Absinthe and Thujone

Hardly any other drink in the world has had such a tumultuous history as Absinthe.  Once considered to be a mystical drink with legendary medicinal powers, the green fairy’s popularity – called so lovingly by Absinthe’s many consumers – slowly developed until it became the national drink of the French by the 19th century.  But the drink’s decline soon ensued after its glorious reign.  Absinthe was forbidden in most European countries, as well as the USA, between 1910 and 1915.  With the law forbidding transport of absinthe (RGBl. I S. 257) that came into passing on April 27, 1923, the prohibition of absinthe in Germany and Austria then followed suit.


The reasons for the prohibition of absinthe are diverse and layered, and are still anchored in many people’s heads even until this day. During absinthe’s successful reign, the drink was an omnipresent part of daily life for the French and Swiss citizenry. But with glory also comes jealousy and morality. Wine farmers worried about their rising competition and teetotalers saw absinthe as the root of all evil. What followed was a smear campaign and finally the coronation of absinthe as an all-encompassing sinful substance responsible for the decline of society at large. Thujone, traces of which can be found in absinthe, was used by absinthe’s enemies as the basis for their argument that absinthe was pure poison. A poison, according to absinthe’s enemies, responsible for dizziness, hallucinations, nonsensical visions, out-of-control aggression, blindness, seizures, convulsions, and depression.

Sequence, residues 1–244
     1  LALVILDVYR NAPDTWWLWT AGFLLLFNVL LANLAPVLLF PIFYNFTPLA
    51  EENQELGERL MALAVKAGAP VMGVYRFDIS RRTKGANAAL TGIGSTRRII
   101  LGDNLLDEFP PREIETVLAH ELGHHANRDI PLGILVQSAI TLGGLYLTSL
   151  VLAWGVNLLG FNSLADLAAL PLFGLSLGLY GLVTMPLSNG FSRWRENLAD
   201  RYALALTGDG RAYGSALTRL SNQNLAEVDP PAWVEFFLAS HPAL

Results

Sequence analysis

Absinthe continues to fight against this negative image, even today. Regardless of its legalization (that happened in Germany in 1981 for example) and countless scientific experiments concluding that absinthe doesn’t have any negative effects with regards to its Thujone content, the prejudices against absinthe remain the same. 

The truth about Absinthe and Thujone

From a scientific viewpoint, thujone is an active substance contained in the oils of the wormwood plant. It accounts for 50 to 60 percent of the essential oils of wormwood, and belongs to the category of neurotoxic substances, an overdose of which can induce convulsions and dementia.
But as previously mentioned, absinthe can be consumed legally everywhere and there are good reasons for this. There are still laws in place that govern the amount of thujone contained in absinthe, as well as governing other factors of absinthe production.

The aroma ordinance (Article 22 of the Ordinance for the Reform of Foodstuff Regulations Validation Indicators) limits the amount of thujone allowed in foodstuffs. In relation to spirits, the amount of thujone allowed depends on the alcohol content.

The following rules apply for brandies:

  • a maximum of 5mg/kg with an alcohol content of up to 25% Vol.
  • a maximum of 10mg/kg with an alcohol content above 25% Vol.

For bitter spirits:

  • a maximum of 35mg/kg with an alcohol content above 25% Vol.